The President’s executive order was temporarily blocked on February 3, 2017 by U.S. District Judge James Robart, in response to a lawsuit filed by Washington State’s Attorney General Bob Ferguson. The Trump administration intends to challenge the temporary restraining order.
See the AFA statement at http://www.americansforthearts.org/news-room/ceos-corner/statement-on-immigration-and-refugee-ban
Black History Month Celebrated Through the Arts: The Ohio Statehouse is celebrating Black History Month throughout February with an art exhibition and special performances on Tuesdays at noon. The programs are free and open to the public.
The Rosa Park’s Children’s Art Exhibit, called “The Power of One,” is located in the Map Room on the lower level of the Statehouse. The exhibition is sponsored by COTA and features the art work of students in grades kindergarten through three exploring the theme: what would you do to change American and make it a better place for all people?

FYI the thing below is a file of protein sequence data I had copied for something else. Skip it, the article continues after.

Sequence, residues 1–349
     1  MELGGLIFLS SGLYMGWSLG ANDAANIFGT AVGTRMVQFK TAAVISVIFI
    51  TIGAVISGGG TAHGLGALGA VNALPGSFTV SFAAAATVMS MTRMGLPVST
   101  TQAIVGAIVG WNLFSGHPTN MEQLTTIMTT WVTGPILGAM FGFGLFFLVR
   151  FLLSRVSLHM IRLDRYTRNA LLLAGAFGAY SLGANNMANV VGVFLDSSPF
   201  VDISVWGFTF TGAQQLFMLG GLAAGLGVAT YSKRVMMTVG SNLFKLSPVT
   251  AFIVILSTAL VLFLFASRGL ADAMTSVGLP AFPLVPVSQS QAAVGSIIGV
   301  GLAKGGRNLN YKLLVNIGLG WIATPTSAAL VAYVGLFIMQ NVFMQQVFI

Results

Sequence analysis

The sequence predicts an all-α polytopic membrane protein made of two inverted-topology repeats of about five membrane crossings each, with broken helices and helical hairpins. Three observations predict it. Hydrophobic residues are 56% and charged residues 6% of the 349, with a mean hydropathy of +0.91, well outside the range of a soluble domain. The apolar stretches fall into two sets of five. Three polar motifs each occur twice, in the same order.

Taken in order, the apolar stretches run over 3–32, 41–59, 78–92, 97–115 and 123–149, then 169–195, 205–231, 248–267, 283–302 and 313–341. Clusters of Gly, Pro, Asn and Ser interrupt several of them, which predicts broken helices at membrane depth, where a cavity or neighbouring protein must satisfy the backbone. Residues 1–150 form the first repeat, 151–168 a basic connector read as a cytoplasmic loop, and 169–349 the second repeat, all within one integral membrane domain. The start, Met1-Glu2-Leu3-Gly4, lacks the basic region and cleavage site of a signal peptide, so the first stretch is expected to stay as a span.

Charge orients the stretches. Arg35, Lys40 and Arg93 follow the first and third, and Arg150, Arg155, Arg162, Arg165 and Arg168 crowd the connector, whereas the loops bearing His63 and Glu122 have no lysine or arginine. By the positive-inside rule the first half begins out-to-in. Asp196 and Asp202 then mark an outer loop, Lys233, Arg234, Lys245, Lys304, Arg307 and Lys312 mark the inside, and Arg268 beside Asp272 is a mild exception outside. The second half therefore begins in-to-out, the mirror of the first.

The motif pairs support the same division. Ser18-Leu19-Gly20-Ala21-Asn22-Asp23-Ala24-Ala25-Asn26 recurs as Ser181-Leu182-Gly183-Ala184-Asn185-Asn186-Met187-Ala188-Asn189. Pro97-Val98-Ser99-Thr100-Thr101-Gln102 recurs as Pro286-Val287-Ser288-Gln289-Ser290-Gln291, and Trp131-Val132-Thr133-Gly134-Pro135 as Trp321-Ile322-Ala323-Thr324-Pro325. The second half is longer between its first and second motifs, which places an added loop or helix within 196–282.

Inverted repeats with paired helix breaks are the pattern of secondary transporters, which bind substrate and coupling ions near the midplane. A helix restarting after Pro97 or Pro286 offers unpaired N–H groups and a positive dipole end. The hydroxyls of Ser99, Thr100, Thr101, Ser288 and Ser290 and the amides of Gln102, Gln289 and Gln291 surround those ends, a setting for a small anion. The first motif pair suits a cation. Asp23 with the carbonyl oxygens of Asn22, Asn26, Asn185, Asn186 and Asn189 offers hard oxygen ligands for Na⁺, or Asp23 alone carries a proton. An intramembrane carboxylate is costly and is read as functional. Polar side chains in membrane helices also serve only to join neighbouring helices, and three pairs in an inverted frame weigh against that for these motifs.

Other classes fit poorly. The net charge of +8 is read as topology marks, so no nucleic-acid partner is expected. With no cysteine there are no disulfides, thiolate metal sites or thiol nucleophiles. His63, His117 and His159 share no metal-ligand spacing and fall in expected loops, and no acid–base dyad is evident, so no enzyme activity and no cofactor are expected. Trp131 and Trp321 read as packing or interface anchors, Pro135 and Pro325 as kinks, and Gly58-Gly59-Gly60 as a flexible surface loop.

Performers from “We’ve Known Rivers,” a group comprised of artists from OAAE’s Artists in Schools program, will present live performances in the Statehouse Atrium featuring a prominent figure in African American history, including,
- Remembering Miss Rosa, by Annette Jefferson on February 7, 2017
- The Poet and His Song: Paul Laurence Dunbar, by Anthony Gibbs on February 14, 2017
- Professor Henry “Box” Brown, by Rory Rennick on February 21, 2017, and
- George Washington Williams, by Anthony Gibbs on February 28, 2017
**The programs will be streamed live by the Ohio Channel, and individuals and organizations can schedule a group visit to attend a performance by contacting Katie Montgomery at 614/728-3726 or email@example.com.
Arts On Line keeps arts education advocates informed about issues dealing with the arts, education, policy, research, and opportunities.
The distribution of this information is made possible through the generous support of the Ohio Music Education Association (www.omea-ohio.org), Ohio Art Education Association (www.oaea.org), Ohio Educational Theatre Association (www.ohedta.org); OhioDance (www.ohiodance.org), and the Ohio Alliance for Arts Education (www.oaae.net).